The below lists some legislation and documents that I believe may be of use to other laypersons such as me. At present they are in chronological order, but that may change.

Best Interest Meetings Guidance – Social Care Institute for Excellence

The Chronically Sick and Disabled Person’s Act 1970
The Limitation Act 1980
Disabled Persons (Services, Consultation and Representation) Act 1986
Public Interest Disclosure Act 1998
Human Rights Act 1998
The Data Protection Act 1998
The Care Homes Regulations 2001
The Mental capacity Act 2005
The Health and Social Care Act 2008 (Regulated Activities) Regulations 2014
The Care Act 2014
Criminal Justice and Courts Act 2015
Ill-treatment or wilful neglect offences – Sections 20 to 25 of the Criminal Justice and Courts Act 2015
Autism Act 2009
The Equality Act 2010
The General Data Protection Regulation (GDPR) (Regulation (EU) 2016/679)


Useful Notes:

National eligibility criteria set out in the Care Act 2014
The Code of Conduct for Healthcare Support Workers and Adult Social Care Workers
Social workers Code of Practice
Code of Ethics for Social Work
The Mental Capacity Act Guidelines
Code of Practice to supplement the main Mental capacity Act 2005 Code of Practice

Notes 2


The Mental Capacity Act also introduces a statutory right to advocacy for those lacking capacity and “unbefriended” through the Independent Mental Capacity Advocacy Service (IMCA), Lasting Powers of Attorney for health and welfare and property and finance and two new criminal offences, i.e. “the wilful neglect or ill treatment of a person lacking capacity” (S 44 MCA 2005.)

If there is disagreement in a family about someone’s capacity or best interests it is possible to ask for help in making decisions. (Part 11: Resolving disputes) If family or friends disagree with a decision, consider if the Court of Protection should be asked to make the decision. The organisation needs to show how the care they can provide is better than care the person’s family can provide or choose. (Part 23: The Court of Protection)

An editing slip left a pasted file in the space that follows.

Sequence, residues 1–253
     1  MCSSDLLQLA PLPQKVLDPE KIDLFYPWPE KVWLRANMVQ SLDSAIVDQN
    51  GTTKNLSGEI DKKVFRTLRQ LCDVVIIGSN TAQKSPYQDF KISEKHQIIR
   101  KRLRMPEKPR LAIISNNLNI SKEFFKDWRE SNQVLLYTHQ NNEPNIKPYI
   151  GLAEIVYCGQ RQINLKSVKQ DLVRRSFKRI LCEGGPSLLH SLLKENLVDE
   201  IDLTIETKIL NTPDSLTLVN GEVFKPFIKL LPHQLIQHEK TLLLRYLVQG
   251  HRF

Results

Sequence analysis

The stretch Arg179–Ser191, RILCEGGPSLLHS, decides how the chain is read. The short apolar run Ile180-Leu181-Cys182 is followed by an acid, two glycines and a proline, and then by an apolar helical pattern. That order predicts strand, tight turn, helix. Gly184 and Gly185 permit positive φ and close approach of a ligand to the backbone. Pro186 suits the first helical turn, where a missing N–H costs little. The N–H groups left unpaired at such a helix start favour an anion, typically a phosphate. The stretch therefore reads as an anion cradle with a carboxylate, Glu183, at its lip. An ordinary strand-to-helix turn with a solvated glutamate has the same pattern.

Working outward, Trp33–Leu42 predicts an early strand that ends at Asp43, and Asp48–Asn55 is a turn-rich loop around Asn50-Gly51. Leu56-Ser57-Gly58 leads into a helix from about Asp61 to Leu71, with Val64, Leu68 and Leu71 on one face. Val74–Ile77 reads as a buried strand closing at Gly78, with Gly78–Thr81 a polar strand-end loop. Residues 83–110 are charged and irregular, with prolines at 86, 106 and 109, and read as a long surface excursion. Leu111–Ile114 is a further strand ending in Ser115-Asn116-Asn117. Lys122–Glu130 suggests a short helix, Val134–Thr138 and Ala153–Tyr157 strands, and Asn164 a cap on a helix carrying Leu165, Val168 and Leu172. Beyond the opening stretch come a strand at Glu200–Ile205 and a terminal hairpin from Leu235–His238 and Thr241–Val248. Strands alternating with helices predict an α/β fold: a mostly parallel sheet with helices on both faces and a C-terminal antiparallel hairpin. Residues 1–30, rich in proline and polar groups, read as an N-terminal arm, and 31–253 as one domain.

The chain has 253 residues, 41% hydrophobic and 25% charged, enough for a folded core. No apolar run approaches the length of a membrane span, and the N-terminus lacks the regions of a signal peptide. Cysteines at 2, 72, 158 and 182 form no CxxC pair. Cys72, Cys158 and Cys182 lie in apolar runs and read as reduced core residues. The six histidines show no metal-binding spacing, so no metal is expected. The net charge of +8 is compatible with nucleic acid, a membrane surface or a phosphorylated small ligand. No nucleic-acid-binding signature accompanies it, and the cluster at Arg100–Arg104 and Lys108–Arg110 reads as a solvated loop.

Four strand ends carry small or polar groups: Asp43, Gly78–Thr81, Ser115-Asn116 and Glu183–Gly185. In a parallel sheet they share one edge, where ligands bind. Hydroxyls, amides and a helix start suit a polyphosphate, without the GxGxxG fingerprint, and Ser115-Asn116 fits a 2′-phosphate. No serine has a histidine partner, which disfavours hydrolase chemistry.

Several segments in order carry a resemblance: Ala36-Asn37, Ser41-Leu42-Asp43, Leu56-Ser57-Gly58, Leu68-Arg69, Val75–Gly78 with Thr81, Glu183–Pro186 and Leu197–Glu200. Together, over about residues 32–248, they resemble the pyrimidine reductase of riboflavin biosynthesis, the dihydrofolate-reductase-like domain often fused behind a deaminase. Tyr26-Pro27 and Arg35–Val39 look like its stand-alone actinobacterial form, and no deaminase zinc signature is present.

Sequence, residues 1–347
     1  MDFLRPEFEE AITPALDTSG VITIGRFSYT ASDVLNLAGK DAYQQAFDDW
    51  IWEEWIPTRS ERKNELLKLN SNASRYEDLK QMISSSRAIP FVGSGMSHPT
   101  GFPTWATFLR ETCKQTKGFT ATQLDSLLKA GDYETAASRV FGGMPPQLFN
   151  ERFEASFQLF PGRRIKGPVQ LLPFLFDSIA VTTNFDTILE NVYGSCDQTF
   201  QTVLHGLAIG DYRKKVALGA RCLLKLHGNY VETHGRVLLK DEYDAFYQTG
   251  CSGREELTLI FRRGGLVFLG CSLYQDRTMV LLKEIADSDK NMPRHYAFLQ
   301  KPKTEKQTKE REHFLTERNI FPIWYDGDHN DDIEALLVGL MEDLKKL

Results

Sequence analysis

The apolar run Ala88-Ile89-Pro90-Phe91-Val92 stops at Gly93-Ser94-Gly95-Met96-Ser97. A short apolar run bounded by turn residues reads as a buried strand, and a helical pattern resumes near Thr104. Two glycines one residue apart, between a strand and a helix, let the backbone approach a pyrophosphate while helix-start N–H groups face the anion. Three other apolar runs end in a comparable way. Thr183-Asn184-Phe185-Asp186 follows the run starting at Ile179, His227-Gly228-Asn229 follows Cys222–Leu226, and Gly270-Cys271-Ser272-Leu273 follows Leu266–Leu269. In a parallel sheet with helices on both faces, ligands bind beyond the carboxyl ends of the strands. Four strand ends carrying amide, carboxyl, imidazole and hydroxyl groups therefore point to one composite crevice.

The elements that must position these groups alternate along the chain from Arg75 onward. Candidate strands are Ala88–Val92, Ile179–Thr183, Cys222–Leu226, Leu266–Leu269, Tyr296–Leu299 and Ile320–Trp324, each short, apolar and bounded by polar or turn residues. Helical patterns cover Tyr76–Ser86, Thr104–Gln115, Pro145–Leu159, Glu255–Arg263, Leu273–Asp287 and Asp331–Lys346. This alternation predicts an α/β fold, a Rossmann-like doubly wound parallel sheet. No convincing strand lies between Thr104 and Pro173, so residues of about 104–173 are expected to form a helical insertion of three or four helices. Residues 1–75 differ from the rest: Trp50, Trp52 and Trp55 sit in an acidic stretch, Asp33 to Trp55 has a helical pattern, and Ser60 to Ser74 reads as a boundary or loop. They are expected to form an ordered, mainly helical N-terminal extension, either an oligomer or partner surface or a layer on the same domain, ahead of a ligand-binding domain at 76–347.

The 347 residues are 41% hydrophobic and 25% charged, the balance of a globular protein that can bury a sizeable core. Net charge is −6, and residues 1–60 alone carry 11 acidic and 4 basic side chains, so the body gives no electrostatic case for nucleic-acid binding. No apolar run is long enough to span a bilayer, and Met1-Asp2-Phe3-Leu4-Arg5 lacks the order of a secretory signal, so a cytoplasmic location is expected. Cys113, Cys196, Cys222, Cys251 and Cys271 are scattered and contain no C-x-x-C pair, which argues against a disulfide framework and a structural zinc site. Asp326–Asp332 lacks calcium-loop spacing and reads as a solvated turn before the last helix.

Misuse of medication

Where a person is medicated to enable an indictable offence to be committed, section 22 of the Offences Against the Persons Act 1861 may be relevant. Where a person is medicated or over-medicated for non-therapeutic reasons, such as to control their behaviour, a number of other offences may be relevant, such as unlawfully administering medication contrary to section 58 Medicines Act 1968, or failure to comply with conditions contrary to section 24 of the Care Standards Act 2000 or contravention of Regulations contrary to section 25 of the Care Standards Act 2000.

Medicines Act 1968

Section 68 Medicinal products on prescription only.

F4 2 (b) no person shall administer (otherwise than to himself) any such medicinal product unless he is an appropriate practitioner or a person acting in accordance with the directions of an appropriate practitioner.

CQC Guidance on the use of surveillance (I suggest caution if it is followed)

Surveillance equipment placed by people in your care or their relatives

HCPC Standards of Conduct Performance and ethics

more to add at a later date